Budget 2013: Ratings agencies warn of UK downgrade
BRITAIN’S credit rating could be set for fresh downgrades after prospects for growth were halved yesterday in the face of gloomy economic data.
The Office for Budget Responsibility (OBR) revealed that the continued slump in high-street spending, business investment and exports would leave the UK growing at just 0.6 per cent this year, and only 1.8 per cent next.
It prompted fresh warnings from the City that other ratings agencies could follow Moody’s and remove Britain’s triple-A credit rating.
The warnings came as the Chancellor was spared the humiliation of having to admit to MPs yesterday that his borrowing figures for this year were above those of the year before.
But the OBR said Mr Osborne’s efforts to reduce borrowing had “stalled”, showing this year’s figure was only £0.1 billion lower than the previous 12 months.
That minuscule drop prompted claims that Treasury ministers had “massaged” the figures, by telling government departments to put off planned spending until the new financial year.
The OBR also revealed that the continued high levels of borrowing meant Britain’s total debt mountain would rise to a peak of £1.63 trillion by 2017, or double the sum the coalition inherited in 2010.
That might now spook lenders, analysts warned, who may fear Britain’s ability to rein in its debts could no longer be assured.
Introducing his Budget yesterday, Mr Osborne chose not to sweeten the economic pill, admitting the road to recovery was “taking longer than anyone hoped”.
Pinning the blame on the eurozone crisis, he warned “another bout of economic storms in the eurozone would hit Britain’s economic fortunes hard again”.
With 40 per cent of exports going to Europe, he said there was now a “huge effort across this government” to grow trade across the world.
The OBR pinpointed what it called the “unexpectedly poor performance of exports” as the key reason GDP was falling off. It revised down expectations for export growth from 3.1 per cent to a mere 1.5 per cent.
Its overall new growth estimate of only 0.6 per cent compares with the 2.8 per cent figure that the OBR forecast for 2013 three years ago, when the government and economists predicted a speedy bounceback from the financial crash.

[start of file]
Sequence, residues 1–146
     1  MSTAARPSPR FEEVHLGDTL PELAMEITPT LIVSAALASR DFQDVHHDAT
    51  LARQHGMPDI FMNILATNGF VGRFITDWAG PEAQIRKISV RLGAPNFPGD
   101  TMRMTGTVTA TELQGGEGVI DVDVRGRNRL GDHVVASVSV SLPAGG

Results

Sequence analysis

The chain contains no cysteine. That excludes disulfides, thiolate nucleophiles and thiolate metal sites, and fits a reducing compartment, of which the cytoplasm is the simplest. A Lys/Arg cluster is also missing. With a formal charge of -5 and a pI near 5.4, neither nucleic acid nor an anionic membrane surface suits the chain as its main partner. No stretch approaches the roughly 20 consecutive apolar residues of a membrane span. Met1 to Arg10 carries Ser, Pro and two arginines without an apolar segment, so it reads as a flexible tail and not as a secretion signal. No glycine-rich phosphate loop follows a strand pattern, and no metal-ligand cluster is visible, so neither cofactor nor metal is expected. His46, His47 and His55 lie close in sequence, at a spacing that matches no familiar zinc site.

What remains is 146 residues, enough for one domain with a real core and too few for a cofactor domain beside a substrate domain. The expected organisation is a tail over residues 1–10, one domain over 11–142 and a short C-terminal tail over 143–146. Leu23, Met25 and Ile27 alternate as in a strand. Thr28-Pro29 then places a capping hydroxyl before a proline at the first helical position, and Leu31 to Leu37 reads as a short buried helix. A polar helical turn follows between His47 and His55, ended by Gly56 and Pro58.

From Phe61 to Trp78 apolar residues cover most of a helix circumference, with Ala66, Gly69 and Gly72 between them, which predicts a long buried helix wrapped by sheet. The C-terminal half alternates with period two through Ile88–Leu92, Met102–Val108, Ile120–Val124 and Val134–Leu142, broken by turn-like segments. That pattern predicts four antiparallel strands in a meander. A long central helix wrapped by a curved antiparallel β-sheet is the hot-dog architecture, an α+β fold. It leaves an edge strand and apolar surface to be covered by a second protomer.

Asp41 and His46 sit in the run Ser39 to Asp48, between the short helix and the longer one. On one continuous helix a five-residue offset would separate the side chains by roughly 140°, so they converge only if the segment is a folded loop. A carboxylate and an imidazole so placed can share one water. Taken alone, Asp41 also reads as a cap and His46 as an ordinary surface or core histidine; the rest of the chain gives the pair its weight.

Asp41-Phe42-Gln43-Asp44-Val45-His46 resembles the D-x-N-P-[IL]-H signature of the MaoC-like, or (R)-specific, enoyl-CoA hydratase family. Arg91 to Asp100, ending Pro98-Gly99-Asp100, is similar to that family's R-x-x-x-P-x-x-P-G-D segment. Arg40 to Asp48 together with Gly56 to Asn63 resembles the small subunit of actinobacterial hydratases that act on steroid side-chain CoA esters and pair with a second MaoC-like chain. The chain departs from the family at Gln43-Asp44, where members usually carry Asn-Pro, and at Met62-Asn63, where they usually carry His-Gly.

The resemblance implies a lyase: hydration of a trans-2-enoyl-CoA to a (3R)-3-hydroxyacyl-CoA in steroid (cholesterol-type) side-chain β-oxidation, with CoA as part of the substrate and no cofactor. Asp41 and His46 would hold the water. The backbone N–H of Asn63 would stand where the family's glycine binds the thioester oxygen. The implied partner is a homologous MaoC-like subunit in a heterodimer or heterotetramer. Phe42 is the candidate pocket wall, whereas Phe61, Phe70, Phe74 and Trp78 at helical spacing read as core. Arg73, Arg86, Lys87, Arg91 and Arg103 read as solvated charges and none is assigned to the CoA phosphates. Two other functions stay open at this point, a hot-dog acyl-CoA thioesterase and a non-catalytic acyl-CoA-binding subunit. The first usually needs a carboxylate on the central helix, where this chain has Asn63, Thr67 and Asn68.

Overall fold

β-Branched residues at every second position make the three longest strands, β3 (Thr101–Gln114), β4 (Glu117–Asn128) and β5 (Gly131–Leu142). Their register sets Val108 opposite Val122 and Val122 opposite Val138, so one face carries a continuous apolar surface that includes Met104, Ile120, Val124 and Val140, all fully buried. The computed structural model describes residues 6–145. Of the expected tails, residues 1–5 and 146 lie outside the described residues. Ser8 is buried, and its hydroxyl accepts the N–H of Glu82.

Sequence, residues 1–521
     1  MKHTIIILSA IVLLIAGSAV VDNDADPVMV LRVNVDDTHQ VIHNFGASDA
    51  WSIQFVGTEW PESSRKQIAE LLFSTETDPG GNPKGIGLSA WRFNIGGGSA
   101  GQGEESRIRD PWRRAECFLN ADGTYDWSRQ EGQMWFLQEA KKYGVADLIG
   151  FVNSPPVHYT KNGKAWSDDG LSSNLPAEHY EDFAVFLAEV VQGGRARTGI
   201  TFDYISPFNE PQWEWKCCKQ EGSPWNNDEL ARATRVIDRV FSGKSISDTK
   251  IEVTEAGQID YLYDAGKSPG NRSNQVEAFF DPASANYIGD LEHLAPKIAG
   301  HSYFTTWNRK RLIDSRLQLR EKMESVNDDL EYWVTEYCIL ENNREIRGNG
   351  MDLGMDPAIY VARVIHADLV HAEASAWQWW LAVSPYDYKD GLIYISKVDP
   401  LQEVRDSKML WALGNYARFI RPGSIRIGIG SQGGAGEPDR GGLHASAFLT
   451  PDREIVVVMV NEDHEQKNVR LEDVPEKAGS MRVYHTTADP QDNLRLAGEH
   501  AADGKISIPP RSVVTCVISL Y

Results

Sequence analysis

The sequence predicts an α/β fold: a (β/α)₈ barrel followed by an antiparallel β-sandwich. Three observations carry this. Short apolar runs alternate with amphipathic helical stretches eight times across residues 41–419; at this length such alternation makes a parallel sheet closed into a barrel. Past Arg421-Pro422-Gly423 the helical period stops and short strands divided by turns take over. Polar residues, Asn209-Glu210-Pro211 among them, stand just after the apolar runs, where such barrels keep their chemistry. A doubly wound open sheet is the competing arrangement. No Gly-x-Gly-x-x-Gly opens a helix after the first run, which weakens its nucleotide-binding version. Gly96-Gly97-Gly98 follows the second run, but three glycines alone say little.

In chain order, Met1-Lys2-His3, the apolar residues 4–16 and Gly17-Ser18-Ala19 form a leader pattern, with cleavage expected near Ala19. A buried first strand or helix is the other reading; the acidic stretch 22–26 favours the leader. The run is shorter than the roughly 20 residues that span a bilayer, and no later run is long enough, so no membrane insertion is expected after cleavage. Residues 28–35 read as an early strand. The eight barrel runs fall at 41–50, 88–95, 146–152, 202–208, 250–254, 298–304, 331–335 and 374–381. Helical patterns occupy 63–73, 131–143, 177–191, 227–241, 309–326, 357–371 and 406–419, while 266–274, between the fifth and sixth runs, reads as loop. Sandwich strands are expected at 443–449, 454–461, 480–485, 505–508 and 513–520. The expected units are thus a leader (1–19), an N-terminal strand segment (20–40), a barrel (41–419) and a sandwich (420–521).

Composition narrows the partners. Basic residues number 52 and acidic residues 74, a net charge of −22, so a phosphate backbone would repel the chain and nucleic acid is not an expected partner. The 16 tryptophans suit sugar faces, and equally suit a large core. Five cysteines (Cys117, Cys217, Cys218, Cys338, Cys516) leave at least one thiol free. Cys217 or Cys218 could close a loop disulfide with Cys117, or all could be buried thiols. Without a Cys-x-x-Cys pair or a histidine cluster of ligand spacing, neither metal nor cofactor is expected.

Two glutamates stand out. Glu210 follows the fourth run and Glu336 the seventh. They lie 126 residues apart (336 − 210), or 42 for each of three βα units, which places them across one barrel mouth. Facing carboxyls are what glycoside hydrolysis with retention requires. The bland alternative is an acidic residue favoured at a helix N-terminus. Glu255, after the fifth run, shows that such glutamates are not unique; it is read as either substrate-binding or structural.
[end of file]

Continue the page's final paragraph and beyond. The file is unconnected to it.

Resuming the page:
Turning to last year, it revealed that a dip in receipts from the North Sea had seen tax receipts plunge by £5bn, compared with previous estimates. To compensate, the OBR found that the annual deficit would have risen – in a devastating blow to Mr Osborne – had the Treasury not taken drastic measures, slashing government department spending and “pushing some spending into 2013-14”.
However, Chief Treasury Secretary Danny Alexander denied yesterday that this amounted to a plan to “massage” the figures. But he conceded: “Of course, the borrowing numbers are not falling as much as we’d like.”
OBR chairman Robert Chote said the failure of ministers to reduce borrowing this year could be expected to continue over the coming 12 months.
While the deficit has fallen by a quarter since the record year of 2009, Mr Chote said: “That decline has now stalled. We expect the underlying deficit to be around £120bn last year, this year and next year.”
Ratings agency Moody’s has already downgraded Britain’s credit rating from triple-A. Fitch, which still ranks Britain as AAA, said yesterday it would now examine the case as well.
“In line with our guidance after the autumn statement, Fitch will conduct a formal review of the UK rating in 2013 incorporating detailed analysis of the Budget announcement,” it said in a statement.
Analysts said the third ratings agency, Standard and Poor’s, could also look again at the UK.
Labour said the coalition had reneged on the “deal” with voters, in which austerity would be rewarded by now with the “good times”. Leader Ed Miliband said: “Three years on, what does he say? Exactly what he said three years ago. We still need four more years of pain, tax rises and spending cuts. In other words, after all the misery, all the harsh medicine, all the suffering by the British people, three years, no progress, deal broken.”
The OBR also warned that there remained “considerable uncertainty” about its latest forecast, given the instability across the world, including Cyprus.
Its analysis concluded that there remained a 30 per cent chance that the economy could shrink in 2013, sending Britain into a triple-dip recession.
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Friday 24 May 2013
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